Well, thank you for listening to me overthink things as I always do lol.

My Future Fund (supported by art and book sales!)

Recently I have been having quite a bit of success selling my artwork and I am so thankful! It means the world to me to know that people love my art and want to support my creative efforts! I do have something special I am doing with the proceeds I get from my art and I wanted to share that, so that if you are purchasing my art, you will know how you are helping me in multiple ways.

As many of you know if you follow my blog regularly, due to worsening chronic mental and physical health conditions, it has been hard for me to work outside the home for a while. I am hoping to get my SSDI benefits at some point in the future, but it can take years for that to happen due to backlog. I in no way feel bad for going after these benefits since they are not charity or welfare, but instead are the very benefits I paid into for years. I think it is ridiculous how long many of us have to wait to get a real person to make a decision for benefits we worked hard for over many years.

Due to my trouble working, I constantly fear that were something to happen to my husband, I would eventually end up homeless once the little bit of life insurance ran out. It is a terrifying thought that haunts me every single day. I am not guaranteed eventual approval of my SSDI claim, nor do I have any way to know for sure when I will find out since I am still waiting for a hearing date to even be scheduled.

So, I figured that instead of simply living in fear every single day without taking any real action to plan for the future, that I could take small steps to try to do what I can to provide any measure of security for myself. I have decided to start saving every bit of money I get from my art sales and book sales, to hopefully help build a nest egg to provide a little extra help if someday I need it. I have also been adding extra cash here and there that I manage to save to the “future fund”.

Flaking Out Due to Sickness

Yesterday I was supposed to go to therapy, but I was feeling really sick and ended up calling off. Whenever I have to do that, I always end up feeling bad, like it is my fault that I have these health problems and often have to cancel appointments or activities.

Honestly, nowadays I don’t even schedule much of anything outside of medical appointments because I would rather not plan anything than have to feel like I’m letting myself or others down if I’m too sick, depressed, or anxious to go. It really isn’t a fun way to live, and it frustrates me. I often feel like I’ve almost given up on living a normal life and that saddens me.

On the plus side, I am fortunate to have a supportive husband and still have a place to live and food to eat even though I am too sick to work a regular job. I really don’t know how people like me make it without support, especially since it can often take years to get any help from disability. If I had tons of money, I would spend it helping out those who are in similar predicaments, whether they struggle with autism, mental illness, physical illness, or a combination of all of the above like me.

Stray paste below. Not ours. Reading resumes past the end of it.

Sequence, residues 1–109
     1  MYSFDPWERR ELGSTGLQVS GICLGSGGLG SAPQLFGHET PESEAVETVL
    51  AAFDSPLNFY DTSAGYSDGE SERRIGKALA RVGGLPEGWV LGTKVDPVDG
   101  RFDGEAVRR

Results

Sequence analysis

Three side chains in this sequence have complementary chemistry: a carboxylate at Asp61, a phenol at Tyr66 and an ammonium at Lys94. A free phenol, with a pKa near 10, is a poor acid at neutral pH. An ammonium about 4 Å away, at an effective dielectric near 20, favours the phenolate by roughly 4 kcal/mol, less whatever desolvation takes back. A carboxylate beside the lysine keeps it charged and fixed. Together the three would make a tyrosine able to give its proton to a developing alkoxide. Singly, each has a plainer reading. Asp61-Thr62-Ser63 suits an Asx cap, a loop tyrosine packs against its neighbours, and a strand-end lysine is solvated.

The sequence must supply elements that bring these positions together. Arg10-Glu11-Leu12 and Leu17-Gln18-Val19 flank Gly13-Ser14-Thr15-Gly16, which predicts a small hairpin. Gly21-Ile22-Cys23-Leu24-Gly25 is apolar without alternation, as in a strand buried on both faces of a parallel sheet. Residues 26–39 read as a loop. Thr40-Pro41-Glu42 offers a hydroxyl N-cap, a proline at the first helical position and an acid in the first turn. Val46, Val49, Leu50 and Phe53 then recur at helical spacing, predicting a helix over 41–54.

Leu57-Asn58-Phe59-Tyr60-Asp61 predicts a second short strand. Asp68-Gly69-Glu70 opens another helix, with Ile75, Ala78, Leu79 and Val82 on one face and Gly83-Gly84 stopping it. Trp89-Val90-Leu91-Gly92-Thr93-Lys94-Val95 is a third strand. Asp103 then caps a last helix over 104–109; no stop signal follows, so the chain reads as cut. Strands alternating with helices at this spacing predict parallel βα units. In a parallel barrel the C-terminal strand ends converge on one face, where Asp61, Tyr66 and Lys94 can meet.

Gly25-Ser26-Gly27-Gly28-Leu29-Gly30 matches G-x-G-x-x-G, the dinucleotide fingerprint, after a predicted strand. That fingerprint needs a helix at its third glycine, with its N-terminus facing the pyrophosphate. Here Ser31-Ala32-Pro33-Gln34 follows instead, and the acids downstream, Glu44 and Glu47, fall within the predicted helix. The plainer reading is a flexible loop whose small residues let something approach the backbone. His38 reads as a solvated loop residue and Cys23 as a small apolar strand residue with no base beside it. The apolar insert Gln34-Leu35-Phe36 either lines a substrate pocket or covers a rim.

Psychiatrist Says, “Have More Fun!”

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Yesterday I had the most fun I’ve had in a long while. Being chronically ill doesn’t allow you to do much that is just pure fun and silly, especially when being unable to work also makes you chronically poor. However, yesterday I pushed myself a bit and my husband and I went to a local family fun arcade. We played video games, pinball, and silly carnival-style games. It was a blast. By the time we were done, I was sore and exhausted, but it was worth it. Even though I woke up feeling like I had been run over today (after sleeping about 13 hours), I wouldn’t change a thing.

At my last psychiatrist visit, the doctor encouraged me to “have as much fun as possible”. I guess he could tell that it was sorely lacking from my life nowadays and it seemed like he was pushing it as a possible antidote (or at least a brief reprieve) from the crippling depression I deal with every single day. Because of this, my husband and I are making an effort to find little ways to include more fun and silliness in our lives. It may not “cure” anything, but it does help improve my mental outlook at least a little bit.

* Art by Maranda Russell

Negativity

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Sometimes I worry that I come across as too negative or focused only on the bad on this blog. It is really a fine line to walk, because as someone who is chronically ill, constantly feeling sick, and dealing with several mental health issues, it can often feel like the negative in my life does far outweigh the positive. Most of the things I used to love to do (hike, play tennis, roller skate, go dancing, etc.) are now virtually impossible for me. I haven’t been able to work in a couple years and even when I did, I was constantly in trouble for missing work due to health issues. I used to find a great deal of meaning in being a foster parent, but there is no way I could handle that anymore either. I feel like I’ve lost SO MUCH that it is hard to cope. I’ve always struggled with anxiety and depression, but since becoming sicker and sicker physically, the levels of those mental issues have skyrocketed.

I want to be honest on this blog above all else. Even when it hurts and even when it is ugly and dark. However, I don’t want to give the impression that there are never good moments in my life. There are times my husband makes me laugh uncontrollably. There are days when I do feel well enough to go out to eat or browse through a bookstore. Sometimes I get to watch a tv show I’m addicted to and excited to see. I still get to paint and play with art materials. My crazy cats continue to be crazy and adorable. It isn’t all bad, and I am grateful for the good times, but most days are a struggle and I don’t want to lie about that either.

* Art by Maranda Russell